FDA wants to make it tougher to feed brewers grains.
by Dennis Halladay, Hoard's Dairyman Western Editor
The Federal Department of Absurd er, the Food and Drug Administration (FDA) is an entity that regularly seems to defy common sense and logic. This is yet another example:
Smoking is a proven cause of cancer and other diseases. The Centers for Disease Control and Prevention (CDC) says it causes nearly 500,000 deaths in the U.S. each year. But is growing and selling tobacco illegal?
Brewers grains, a byproduct of making beer and other alcoholic beverages, are a high-quality source of protein that has been fed to cattle for centuries. Inclusion rates of up to 50 percent are seen in feedlot rations today. Cows love brewers grains and dairies that are lucky enough to have a supply swear by them.
So guess which one FDA has proposed new restrictions for?
A lot of beer is made in the U.S. each year, because the U.S. drinks more of it than any country in the world except China. That means there are also a lot of spent brewers grains available as high-quality, affordable animal feed.
But restrictions on its use would be made under the proposed Current Good Manufacturing Practice and Hazard Analysis and Risk-Based Preventive Controls for Food for Animals (Animal Feed Rule) in the recently passed Food Safety Modernization Act (FSMA), which will be implemented by FDA. Specifically, FDA wants all spent grains dried and packaged before being sold or given to farmers. Two efforts are underway to prevent that.
National Milk Producers Federation (NMPF) has joined the American Feed Industry Association, the National Grain and Feed Association, the Beer Institute, and the American Malting Barley Association in asking for a brewers grains exemption from the Animal Feed Rule. They point out that FDA itself has said there is no known public health risk from feeding brewers grains to animals.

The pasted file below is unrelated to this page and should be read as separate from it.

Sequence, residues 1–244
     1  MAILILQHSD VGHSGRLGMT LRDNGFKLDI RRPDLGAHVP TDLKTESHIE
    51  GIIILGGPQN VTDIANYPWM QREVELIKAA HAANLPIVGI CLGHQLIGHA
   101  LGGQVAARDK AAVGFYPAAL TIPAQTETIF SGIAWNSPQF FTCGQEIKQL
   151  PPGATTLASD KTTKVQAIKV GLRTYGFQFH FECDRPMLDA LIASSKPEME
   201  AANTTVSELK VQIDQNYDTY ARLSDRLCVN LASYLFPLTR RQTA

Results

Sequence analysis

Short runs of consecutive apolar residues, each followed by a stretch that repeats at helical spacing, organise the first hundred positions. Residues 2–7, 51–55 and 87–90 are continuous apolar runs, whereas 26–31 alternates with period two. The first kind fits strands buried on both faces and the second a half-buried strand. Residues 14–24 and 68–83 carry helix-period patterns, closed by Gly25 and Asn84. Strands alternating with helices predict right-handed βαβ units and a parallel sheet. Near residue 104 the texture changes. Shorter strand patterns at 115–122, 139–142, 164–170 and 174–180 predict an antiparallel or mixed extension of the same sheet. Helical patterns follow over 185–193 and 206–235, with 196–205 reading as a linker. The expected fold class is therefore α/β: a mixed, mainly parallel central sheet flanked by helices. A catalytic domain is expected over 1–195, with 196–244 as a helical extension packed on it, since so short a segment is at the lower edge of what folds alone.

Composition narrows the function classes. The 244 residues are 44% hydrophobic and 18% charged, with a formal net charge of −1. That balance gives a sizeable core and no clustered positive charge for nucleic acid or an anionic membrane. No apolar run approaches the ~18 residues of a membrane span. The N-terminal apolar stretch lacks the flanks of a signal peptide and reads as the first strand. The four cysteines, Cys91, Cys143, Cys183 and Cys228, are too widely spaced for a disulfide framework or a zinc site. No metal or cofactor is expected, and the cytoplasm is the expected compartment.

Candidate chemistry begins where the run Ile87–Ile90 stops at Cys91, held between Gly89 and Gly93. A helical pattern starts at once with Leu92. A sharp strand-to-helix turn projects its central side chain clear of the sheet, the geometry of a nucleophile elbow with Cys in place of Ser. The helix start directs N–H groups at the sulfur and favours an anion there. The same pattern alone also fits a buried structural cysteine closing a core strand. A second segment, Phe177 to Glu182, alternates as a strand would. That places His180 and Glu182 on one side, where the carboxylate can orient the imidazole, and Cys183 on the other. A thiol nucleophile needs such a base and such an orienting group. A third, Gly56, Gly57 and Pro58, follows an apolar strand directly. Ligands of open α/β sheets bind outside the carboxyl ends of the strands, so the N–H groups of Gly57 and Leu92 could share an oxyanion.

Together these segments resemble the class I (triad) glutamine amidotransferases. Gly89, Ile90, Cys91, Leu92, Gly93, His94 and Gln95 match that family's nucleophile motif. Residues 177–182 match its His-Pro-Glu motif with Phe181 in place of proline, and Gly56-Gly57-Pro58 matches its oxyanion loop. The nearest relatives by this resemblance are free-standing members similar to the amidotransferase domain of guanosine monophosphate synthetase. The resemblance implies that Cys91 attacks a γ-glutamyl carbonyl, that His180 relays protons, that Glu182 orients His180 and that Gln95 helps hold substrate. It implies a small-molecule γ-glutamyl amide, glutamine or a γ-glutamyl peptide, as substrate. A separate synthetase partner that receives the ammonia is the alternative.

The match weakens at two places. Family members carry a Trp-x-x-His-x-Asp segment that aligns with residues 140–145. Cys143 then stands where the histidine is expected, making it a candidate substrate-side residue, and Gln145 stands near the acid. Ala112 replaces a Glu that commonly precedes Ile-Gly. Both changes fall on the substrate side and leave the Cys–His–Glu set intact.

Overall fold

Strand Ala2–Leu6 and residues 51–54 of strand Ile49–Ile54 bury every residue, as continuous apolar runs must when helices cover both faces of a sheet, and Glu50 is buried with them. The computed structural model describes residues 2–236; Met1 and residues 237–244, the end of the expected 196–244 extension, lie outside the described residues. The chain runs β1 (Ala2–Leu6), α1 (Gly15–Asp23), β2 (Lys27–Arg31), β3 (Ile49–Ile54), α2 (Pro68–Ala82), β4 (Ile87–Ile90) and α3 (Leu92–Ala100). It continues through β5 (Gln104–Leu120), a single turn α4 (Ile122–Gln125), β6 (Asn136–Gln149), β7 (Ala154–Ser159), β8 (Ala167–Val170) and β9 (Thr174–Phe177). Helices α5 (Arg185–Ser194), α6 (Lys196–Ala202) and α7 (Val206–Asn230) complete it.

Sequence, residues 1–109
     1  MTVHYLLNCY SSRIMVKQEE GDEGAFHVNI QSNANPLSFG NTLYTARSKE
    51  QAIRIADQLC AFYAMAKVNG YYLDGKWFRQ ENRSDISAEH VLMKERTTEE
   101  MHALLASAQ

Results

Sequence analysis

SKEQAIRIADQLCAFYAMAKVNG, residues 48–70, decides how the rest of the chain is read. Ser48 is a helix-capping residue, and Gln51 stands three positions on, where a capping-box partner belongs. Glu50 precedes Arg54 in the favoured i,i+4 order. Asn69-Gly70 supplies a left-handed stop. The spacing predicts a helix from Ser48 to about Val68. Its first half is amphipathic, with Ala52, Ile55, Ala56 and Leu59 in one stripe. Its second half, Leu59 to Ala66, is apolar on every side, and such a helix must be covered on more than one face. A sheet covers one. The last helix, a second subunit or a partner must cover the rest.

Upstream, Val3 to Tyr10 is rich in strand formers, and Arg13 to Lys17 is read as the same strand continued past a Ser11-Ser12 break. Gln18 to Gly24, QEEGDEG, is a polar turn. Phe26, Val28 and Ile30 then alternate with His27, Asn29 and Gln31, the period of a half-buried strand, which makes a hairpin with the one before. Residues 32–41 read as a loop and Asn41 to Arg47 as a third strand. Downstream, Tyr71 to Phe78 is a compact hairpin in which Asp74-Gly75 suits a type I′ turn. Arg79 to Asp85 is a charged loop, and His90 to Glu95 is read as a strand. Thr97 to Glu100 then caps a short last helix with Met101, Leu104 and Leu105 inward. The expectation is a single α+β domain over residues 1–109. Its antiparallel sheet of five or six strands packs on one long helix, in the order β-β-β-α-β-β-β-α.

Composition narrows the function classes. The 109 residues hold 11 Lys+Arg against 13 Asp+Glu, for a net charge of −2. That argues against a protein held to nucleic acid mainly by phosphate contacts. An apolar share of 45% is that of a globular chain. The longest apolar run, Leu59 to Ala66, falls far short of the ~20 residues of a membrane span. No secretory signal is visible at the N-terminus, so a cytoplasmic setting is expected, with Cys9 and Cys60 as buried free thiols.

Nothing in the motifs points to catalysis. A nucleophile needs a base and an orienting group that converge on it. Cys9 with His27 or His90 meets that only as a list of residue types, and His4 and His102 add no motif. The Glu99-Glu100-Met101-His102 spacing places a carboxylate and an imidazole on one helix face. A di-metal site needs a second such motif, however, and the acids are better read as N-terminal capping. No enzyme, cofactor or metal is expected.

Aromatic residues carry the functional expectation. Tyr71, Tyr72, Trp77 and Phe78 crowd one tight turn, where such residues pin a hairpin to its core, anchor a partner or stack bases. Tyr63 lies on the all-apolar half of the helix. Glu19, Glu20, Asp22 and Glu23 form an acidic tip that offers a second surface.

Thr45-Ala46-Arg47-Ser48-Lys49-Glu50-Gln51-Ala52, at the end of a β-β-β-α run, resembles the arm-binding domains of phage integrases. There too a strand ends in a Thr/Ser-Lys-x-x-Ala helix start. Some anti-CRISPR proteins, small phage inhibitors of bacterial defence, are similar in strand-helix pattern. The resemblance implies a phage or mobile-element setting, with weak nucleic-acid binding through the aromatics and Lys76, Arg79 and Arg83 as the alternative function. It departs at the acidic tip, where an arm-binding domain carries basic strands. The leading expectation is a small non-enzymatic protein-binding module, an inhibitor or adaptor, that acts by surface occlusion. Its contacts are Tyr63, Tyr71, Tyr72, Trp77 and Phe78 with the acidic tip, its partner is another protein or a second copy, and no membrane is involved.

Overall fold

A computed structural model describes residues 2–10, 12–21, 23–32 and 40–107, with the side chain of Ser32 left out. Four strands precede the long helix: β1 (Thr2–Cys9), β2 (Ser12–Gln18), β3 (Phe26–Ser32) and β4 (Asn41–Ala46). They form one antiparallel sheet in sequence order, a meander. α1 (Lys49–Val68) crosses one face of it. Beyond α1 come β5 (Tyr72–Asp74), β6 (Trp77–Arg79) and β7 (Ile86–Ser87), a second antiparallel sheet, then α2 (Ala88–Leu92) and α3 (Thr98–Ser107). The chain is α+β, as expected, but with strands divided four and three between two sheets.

Four members of the U.S. House of Representatives have also introduced legislation to prevent FDA from making it harder to use brewers grains in animal feed.
If either one succeeds, I will celebrate with beer.
Dan Weary presents "Cow welfare and farm size opportunities and challenges" at noon (Central time) on Monday, April 14. Critics suggest cows on larger farms receive less individual attention and are treated only as production units. In reality, size influences different aspects of animal welfare in different ways. Reports of their link provide little support for a simple relationship; increases in size provide opportunities to improve cow welfare, but also can create risks. Register at www.hoards.com/webinars.
The author has served large Western dairy readers for the past 37 years and manages Hoard's WEST, a publication written specifically for Western herds. He is a graduate of Cal Poly-San Luis Obispo, majored in journalism and is known as a Western dairying specialist.
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